Several other motifs are also successfully intertwined into this drama. Hansberry’s avant-garde concerns, her prophetic political vision, and her ability to perceive the future importance of events that few people in 1959 were even aware of are used as lesser motifs or minor themes throughout the play. Beneatha, a young feminist college student, is the least tolerant of society’s unequal treatment and expectations of women. Beneatha constantly challenges Walter’s chauvinism, and has no time for shallow men like George Murchison, who do not respect her ideas.
She makes it clear to Ruth that she doesn’t understand how anyone could have married someone like Walter. And she defies her mother on religious points; in fact, Mama has to slap Beneatha before she will back down. However, after Mama has left the room, Beneatha still says to Ruth that there is no God. Pride in “A Raisin in the Sun” In the play “A Raisin in the Sun”, by Lorraine Hansberry, pride is one of the major themes. Several of the characters display their own particular kind of pride.
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Mama would rather spend that money on a new and better house for the family to live in. Walter has a new idea that Mama’s family had never thought of in the past. Later in the play, Walter then realizes that his mother is right and he did not invest in a liquor store.
He feels that investing money plays a huge role in gaining money, which is why he wants to invest in a Liquor company, which ultimately fails, and he loses all… Our summaries and analyses are written by experts, and your questions are answered by real teachers. Since this would have given a negative impression of the natural look, both Hansberry and Sands decided to omit the hairstyle change from the Broadway opening. At the beginning of the play, Ruth serves eggs — but not without getting into an argument with Walter over the eggs — which again accentuates the importance of this symbol of fertility to the play. In addition, toward the end of the play, we learn that Mama’s maiden name was Lena Eggleston, a name that underscores the theme of fecundity as much as the argument over eggs at the beginning of the play. Hansberry’s play is timeless because she is able to make contemporary political issues part of the very art of the stage, drawing her audience into a conversation that continues to be relevant even today.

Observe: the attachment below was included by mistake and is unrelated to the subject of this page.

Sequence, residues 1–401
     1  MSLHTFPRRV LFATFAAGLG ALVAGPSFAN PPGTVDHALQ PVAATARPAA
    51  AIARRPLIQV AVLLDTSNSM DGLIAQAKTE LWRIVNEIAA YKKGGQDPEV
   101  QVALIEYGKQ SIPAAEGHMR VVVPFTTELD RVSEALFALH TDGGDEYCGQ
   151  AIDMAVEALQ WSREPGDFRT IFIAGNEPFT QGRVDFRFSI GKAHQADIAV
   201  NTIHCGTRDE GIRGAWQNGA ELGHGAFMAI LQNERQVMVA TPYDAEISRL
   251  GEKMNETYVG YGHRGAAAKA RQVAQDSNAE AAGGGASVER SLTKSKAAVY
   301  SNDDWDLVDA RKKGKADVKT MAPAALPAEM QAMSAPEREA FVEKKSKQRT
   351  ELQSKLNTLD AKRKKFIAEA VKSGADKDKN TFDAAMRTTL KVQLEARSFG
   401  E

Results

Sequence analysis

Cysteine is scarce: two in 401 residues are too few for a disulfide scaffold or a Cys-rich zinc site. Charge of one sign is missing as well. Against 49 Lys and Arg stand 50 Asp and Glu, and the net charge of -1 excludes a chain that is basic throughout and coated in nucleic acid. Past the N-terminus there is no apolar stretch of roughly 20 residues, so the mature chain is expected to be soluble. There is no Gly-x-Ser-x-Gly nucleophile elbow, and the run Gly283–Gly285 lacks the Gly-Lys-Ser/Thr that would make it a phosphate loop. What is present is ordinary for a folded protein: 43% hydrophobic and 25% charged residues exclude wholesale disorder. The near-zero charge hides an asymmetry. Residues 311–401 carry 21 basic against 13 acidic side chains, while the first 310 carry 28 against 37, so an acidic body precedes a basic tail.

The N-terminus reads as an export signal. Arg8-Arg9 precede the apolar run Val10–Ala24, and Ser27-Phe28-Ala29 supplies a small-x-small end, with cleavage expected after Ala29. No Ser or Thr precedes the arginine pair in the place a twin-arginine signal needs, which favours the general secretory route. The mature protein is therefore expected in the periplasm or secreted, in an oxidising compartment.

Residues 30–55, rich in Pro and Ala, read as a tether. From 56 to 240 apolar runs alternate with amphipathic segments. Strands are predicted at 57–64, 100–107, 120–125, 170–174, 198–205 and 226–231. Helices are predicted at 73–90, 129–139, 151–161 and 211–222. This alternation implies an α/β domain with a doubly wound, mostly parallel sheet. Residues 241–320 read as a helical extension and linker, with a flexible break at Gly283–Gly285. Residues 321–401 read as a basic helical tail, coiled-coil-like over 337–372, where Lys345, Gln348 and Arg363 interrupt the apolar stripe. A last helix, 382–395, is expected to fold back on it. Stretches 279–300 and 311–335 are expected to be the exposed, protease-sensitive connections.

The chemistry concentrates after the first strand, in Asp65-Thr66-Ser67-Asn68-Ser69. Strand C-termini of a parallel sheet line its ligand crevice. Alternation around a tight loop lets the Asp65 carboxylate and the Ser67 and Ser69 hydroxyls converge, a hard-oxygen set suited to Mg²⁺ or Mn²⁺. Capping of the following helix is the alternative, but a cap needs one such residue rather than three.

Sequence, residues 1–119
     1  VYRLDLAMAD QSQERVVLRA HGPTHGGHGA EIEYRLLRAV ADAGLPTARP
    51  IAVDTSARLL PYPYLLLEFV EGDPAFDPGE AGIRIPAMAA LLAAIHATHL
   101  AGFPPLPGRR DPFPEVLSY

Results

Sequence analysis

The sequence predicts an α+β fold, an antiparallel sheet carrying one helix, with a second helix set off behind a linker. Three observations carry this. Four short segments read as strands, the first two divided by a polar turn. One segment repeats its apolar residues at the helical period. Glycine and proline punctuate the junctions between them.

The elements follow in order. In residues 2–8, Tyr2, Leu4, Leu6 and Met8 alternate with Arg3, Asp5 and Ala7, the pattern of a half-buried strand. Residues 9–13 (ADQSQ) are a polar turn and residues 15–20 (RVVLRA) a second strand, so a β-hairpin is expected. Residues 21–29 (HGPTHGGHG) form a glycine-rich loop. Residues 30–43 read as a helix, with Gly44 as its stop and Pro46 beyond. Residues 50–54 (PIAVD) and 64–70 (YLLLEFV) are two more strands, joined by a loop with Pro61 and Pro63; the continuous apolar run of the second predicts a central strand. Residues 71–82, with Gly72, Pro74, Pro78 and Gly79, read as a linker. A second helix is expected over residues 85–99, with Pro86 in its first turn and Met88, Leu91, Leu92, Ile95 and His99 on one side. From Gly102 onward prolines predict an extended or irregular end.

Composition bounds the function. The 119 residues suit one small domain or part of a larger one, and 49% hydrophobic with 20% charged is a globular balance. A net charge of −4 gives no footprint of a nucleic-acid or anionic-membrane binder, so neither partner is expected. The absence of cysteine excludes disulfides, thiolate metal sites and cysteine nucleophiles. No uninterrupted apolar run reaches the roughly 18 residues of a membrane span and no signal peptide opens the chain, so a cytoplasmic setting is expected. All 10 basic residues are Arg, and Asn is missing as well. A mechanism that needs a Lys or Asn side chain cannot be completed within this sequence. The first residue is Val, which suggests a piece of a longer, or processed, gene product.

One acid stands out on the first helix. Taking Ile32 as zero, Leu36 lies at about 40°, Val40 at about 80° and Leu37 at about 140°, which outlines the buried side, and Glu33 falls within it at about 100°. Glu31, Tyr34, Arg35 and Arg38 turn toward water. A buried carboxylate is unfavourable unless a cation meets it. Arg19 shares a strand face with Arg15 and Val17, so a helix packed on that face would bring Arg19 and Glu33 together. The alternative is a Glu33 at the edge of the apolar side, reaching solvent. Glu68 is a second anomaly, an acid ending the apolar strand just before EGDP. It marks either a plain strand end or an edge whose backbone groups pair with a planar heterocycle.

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Mainly I guess because we’ve been through hell and high water together. We know each other’s good and bad sides, stuff nobody else knows.” In reaction to this, Taylor becomes unable to speak for she is too emotional. After years of running away from family and avoiding becoming a mother, Taylor gives in. She realizes that she has found her truest and happiest self as a mother to Turtle in a home with Lou Ann. In addition to this, Taylor finally understands that she has gained support for this identity.
- All through the play, Walter is the stereotypical African-American man of the mid-20th century.
- The director did clearly express the playwright’s message/ theme of the play.
- Black couples and white couples seeking properties to rent or buy continue to receive unequal treatment.
- These difficulities and barriers that retard his and his family’s progress to fulfill his dream constantly frustrate Walter.
The hope to escape poverty is only given concrete assistance by the death of the father, but when most of this money is stolen the family comes together in a show of unity. It is as though the play argues finally that just by having the dream one will become a success as hope has triumphed over adversity. As the stage directions for Act One, Scene One reveal, the Younger family live in cramped conditions and as they talk it becomes all the more evident that their lives are dominated by the combined traps of poverty and racism. As Walter points, it has always been about money and this telling remark represents how this play tries to demonstrate that poverty both justifies and creates inequalities.
Money became a necessity to get them out of their current situation. Once the family received the insurance check from the father’s death it formed a wedge in the family. They began to debate on who deserved the rights to use the money, who needed the money. Money was the answer to all of the conflict in the play likewise it caused more conflict.
Beneatha and her brother Walter didn’t agree on what a better life actually was. Beneatha thinks Walter’s idea is a waste of money, and she thinks Walter doesn’t have the drive or skills to be successful and is what is antigone’s goal? happy mama said no to the liquor store. However, if one focuses on how African Americans would encounter the work’s theme of Black achievement, the terms of the debate change. In the Younger household, success is defined in patriarchal terms, devaluing half the community. Scholars and readers rarely notice this, however, because most insist upon seeing Mama Lena as the embodiment of resistance to racism. Besides slapping Beneatha, she “starts to beat senselessly in the face” for losing the insurance money.